The worst currency routs in emerging-market history
The worst currency routs
Emerging market currencies ended the week with a brutal selloff across
the board, and the South African rand was not immune to this.
Emerging market currencies ended the week with a brutal selloff across the board, and the South African rand was not immune to this. Turkey is mired in one of the worst currency routs in emerging-market history, with few signs of how it will end. The lira fell as much as 17% on Friday, capping the biggest slump since the country’s banking crisis in 2001, and is down nearly 30% since President Recep Tayyip Erdogan was returned to office with sweeping new powers in late June.
The rand slumped by more than 2.5%, on Friday, breaching R14/$ to reach a low of R14.09 against the US dollar. The currency lost about 5.6% in value for the week. This is a combination of emerging market fears and a stronger US dollar. The rand traded 3.88% weaker against the pound and 4.23% weaker against the euro.
Local equity markets performed steady against the backdrop of negative sentiment in emerging markets. The all-share index (ALSI) was pushed upwards by rand-hedged shares to close the week 1.03% higher. Resources shares closed 2.79% higher, while industrials closed 2.04% up. However, financial shares and specifically the banking sector lost 2.92% following fears of higher inflation because of a weaker currency.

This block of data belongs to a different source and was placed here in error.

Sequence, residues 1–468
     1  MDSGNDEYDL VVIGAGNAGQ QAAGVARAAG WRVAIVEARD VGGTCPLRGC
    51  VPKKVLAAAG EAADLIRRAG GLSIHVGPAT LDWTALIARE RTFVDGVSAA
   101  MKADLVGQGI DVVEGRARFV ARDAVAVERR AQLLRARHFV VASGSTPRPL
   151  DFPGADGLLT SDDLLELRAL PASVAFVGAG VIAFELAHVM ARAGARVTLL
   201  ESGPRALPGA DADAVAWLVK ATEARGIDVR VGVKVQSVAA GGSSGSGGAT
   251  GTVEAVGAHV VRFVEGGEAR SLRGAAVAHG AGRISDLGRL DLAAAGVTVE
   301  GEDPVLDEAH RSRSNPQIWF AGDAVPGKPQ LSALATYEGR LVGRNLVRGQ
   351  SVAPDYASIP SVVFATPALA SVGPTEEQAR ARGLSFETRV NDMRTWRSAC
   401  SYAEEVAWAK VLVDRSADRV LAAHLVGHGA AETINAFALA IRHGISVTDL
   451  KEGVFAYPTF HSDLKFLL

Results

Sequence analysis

Internationally, the US put in place tariffs on an additional $16 billion in mainly Chinese industrial goods, bringing to $50 billion the total volume of imports from China subject to the new 25% levies. China quickly matched the US action as the country’s state media highlighted China’s readiness for a protracted trade war with the US.
The European Central Bank (ECB) is concerned about the impact the Turkish crisis could have on European banks. The currency crisis has raised concerns among regulators that several large European lenders are overly exposed to Turkey. As is often the case, Turkish borrowers have significant exposure to debt denominated in euros and dollars, which means their ability to pay back these debts erodes as the lira falls.
This week, local and international markets will put a close watch on Turkey and the actions their government will take to address the country’s political and financial crises.
* The rand weakend to R14.50 at 10:00 Monday morning.
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